Many thanks to Frederik Bilhaut (VID 148689), Marco Fantino (VID 155304), Francisco Urquia (VID 101238), and lastly to Vincent Bazillio (VID 138779), whose MultiPC setup tutorial inspired the chapter in this manual.
By Frederik Bilhaut
For cockpit builders and gauge designers, the new IVAO pilot client IvAp offers FSUIPC offsets that can be used to control the transponder without using the standard user interface.
Using these offsets is almost mandatory for people flying online with their home cockpit. This allows cockpit buttons to control the squawk mode (standby or Charlie) and the IDENT function.
Here is how to proceed for the most basic usage, i.e. using a keyboard key, a joystick button or a GoFlight control. Note that the registered version of FSUIPC is required, and that you should upgrade to the latest IvAp version.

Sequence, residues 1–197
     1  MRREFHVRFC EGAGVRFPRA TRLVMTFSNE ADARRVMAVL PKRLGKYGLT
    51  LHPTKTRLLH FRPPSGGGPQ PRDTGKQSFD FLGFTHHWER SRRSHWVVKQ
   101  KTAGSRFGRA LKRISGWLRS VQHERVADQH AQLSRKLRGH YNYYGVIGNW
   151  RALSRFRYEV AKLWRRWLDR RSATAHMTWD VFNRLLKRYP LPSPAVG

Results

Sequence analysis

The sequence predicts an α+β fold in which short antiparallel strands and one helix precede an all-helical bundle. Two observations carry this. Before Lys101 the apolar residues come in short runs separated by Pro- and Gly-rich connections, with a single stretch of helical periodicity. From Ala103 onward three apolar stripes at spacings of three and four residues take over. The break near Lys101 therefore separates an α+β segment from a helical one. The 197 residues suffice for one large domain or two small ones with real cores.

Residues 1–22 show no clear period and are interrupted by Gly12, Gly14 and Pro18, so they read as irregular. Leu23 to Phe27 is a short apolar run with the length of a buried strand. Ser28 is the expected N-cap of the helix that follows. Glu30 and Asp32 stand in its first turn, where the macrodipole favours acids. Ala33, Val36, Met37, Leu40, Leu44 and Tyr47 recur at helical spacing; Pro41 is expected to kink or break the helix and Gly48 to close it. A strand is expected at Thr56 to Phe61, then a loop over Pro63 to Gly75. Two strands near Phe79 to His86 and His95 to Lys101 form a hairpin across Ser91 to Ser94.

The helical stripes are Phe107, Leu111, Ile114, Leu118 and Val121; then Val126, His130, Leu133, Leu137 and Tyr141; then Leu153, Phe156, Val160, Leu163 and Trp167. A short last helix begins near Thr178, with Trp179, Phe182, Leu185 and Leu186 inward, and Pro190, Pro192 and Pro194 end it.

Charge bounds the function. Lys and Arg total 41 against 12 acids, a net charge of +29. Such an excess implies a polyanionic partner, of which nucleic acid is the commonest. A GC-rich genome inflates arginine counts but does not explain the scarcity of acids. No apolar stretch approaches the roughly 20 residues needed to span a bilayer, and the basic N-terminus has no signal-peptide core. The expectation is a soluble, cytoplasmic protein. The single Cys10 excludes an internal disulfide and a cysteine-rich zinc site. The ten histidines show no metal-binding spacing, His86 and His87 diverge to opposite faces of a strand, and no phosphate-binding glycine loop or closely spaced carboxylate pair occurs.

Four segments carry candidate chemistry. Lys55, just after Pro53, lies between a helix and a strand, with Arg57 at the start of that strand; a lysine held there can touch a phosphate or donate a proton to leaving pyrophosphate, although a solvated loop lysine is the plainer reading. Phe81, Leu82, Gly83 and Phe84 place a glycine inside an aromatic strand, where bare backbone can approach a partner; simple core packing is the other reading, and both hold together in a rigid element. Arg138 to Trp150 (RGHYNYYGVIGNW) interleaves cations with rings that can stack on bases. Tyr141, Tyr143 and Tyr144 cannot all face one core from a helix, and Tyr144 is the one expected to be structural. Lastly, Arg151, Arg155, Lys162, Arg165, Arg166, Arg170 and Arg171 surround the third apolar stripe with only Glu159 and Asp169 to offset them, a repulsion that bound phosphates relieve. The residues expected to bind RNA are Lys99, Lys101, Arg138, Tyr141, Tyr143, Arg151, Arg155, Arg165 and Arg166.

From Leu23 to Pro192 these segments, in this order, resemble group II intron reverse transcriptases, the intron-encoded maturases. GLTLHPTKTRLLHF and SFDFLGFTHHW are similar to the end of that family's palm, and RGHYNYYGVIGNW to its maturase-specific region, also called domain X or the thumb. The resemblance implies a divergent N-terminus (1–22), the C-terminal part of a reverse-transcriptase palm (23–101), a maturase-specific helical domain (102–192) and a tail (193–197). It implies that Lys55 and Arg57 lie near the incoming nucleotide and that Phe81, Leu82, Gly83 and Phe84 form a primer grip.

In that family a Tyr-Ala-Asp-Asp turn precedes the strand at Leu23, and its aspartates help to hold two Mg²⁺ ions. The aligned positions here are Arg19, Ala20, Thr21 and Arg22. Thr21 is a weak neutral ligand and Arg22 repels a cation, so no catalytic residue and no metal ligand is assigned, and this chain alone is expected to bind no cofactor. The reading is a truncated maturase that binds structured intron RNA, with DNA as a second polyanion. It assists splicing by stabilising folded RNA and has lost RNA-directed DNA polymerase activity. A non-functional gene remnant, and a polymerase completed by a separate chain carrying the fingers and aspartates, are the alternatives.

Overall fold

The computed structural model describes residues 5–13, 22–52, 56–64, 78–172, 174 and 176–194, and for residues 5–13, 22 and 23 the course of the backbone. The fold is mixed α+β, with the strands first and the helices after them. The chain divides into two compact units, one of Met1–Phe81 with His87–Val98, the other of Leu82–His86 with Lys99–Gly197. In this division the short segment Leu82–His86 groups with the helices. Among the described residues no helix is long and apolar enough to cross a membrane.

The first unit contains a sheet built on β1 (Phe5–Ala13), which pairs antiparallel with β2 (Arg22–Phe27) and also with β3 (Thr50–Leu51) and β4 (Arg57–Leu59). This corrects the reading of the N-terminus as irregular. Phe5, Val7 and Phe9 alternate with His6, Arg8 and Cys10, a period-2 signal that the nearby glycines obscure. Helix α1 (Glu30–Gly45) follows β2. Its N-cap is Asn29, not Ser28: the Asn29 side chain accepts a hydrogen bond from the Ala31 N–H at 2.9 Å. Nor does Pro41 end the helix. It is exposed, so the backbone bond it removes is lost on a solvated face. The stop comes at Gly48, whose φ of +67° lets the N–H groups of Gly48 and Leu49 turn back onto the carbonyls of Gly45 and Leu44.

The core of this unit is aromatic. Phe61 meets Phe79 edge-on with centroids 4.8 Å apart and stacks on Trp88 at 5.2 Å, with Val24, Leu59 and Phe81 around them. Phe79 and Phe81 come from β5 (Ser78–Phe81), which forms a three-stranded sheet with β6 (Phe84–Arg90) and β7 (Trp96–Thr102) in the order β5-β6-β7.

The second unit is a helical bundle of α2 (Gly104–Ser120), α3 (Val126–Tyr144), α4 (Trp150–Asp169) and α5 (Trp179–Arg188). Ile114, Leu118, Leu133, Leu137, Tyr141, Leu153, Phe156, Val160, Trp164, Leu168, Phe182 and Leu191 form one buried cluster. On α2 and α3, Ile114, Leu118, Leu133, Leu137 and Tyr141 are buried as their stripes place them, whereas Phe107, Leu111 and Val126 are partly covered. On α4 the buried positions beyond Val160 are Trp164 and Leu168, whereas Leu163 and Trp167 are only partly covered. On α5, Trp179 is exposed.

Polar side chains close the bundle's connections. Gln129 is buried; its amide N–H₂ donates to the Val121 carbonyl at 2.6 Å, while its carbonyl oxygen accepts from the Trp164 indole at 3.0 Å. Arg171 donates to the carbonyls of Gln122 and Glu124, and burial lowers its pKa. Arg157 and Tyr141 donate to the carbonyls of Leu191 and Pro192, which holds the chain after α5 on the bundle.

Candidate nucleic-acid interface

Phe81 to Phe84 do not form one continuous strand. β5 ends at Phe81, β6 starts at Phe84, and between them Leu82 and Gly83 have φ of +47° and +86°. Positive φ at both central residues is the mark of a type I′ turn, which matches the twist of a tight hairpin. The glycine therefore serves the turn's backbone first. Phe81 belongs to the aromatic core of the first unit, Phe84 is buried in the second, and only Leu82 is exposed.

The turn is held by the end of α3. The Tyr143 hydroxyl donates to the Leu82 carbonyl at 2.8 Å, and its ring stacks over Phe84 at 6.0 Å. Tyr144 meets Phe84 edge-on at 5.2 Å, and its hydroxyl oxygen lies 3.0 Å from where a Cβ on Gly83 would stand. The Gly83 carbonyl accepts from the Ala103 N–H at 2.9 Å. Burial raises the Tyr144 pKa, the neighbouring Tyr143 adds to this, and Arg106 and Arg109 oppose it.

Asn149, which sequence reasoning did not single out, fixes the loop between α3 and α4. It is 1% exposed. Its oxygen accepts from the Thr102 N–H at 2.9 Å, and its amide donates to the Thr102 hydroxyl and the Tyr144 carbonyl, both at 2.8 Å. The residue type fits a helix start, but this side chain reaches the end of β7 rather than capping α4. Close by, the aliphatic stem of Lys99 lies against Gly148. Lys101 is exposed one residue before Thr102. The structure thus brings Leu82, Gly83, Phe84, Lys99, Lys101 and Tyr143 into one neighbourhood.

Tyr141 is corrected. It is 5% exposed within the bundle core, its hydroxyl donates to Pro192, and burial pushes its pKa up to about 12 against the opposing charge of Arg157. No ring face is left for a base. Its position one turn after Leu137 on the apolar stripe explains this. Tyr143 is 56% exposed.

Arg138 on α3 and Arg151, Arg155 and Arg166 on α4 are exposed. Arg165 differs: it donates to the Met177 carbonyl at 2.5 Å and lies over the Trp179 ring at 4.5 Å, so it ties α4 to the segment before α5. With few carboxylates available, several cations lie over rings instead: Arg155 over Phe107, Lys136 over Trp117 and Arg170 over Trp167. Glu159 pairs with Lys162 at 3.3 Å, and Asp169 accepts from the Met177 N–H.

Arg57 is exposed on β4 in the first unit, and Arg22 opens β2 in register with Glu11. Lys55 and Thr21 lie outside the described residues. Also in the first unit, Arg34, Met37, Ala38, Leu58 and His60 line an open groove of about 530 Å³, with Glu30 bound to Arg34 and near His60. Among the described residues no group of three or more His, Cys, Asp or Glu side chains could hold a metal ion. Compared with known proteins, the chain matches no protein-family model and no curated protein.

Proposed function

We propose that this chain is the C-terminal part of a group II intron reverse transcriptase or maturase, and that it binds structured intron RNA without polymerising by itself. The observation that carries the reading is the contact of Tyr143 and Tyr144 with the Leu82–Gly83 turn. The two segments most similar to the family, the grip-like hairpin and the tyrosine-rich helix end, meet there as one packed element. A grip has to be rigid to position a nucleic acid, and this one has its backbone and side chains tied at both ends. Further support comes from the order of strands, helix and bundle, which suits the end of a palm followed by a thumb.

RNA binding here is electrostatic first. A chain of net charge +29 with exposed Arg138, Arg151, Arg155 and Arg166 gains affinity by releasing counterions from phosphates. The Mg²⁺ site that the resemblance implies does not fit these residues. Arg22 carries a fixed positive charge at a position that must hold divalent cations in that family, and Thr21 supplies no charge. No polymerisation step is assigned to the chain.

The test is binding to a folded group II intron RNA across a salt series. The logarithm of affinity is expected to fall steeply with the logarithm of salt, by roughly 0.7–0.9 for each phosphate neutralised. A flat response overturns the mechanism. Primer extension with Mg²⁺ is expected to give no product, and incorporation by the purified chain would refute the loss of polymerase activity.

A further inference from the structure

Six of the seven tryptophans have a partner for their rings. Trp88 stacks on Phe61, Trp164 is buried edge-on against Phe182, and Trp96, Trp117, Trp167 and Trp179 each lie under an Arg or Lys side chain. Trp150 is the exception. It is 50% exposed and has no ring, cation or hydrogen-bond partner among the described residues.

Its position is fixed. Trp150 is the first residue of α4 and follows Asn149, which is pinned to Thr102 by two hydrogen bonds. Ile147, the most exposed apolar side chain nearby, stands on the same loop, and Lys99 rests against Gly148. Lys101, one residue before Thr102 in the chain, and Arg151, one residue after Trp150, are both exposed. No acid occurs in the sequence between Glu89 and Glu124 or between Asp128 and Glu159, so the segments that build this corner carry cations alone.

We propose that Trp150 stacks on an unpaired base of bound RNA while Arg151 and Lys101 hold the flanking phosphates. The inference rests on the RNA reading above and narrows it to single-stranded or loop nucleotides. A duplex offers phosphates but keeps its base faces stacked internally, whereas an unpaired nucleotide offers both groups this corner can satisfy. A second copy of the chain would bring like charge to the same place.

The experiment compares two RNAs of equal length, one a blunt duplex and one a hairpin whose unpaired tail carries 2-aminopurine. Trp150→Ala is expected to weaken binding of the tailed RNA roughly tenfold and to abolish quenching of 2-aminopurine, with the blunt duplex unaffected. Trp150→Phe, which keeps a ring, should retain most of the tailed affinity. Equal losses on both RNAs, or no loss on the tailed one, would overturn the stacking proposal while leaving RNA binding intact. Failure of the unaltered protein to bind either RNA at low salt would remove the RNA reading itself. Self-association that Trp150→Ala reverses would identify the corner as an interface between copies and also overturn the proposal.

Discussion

First of all, check the IvAp SDK page in order to get the latest information about these offsets. The manipulation should be similar for most controls, and we will just describe here the procedure to get the squawk mode control working.
Open the FSUIPC dialog, and select the Keys of Buttons depending of the kind of switch you want to use. Activate the key or button that you want to assign to the "Squawk Charlie" command and check the "Select for FS control" checkbox.
Then, you have to look for the "Offset Byte Set" command in the "Control sent..." combo box. Then, two fields are available just below. The first one allows to specify the offset to modify. As specified in the IvAp SDK page, the offset for the transponder mode is "0x7b91". The second one allows to specify the value that should be assigned to this offset when the button is pressed. As specified in the IvAp SDK page, the value for the "Charlie" mode is "0x00".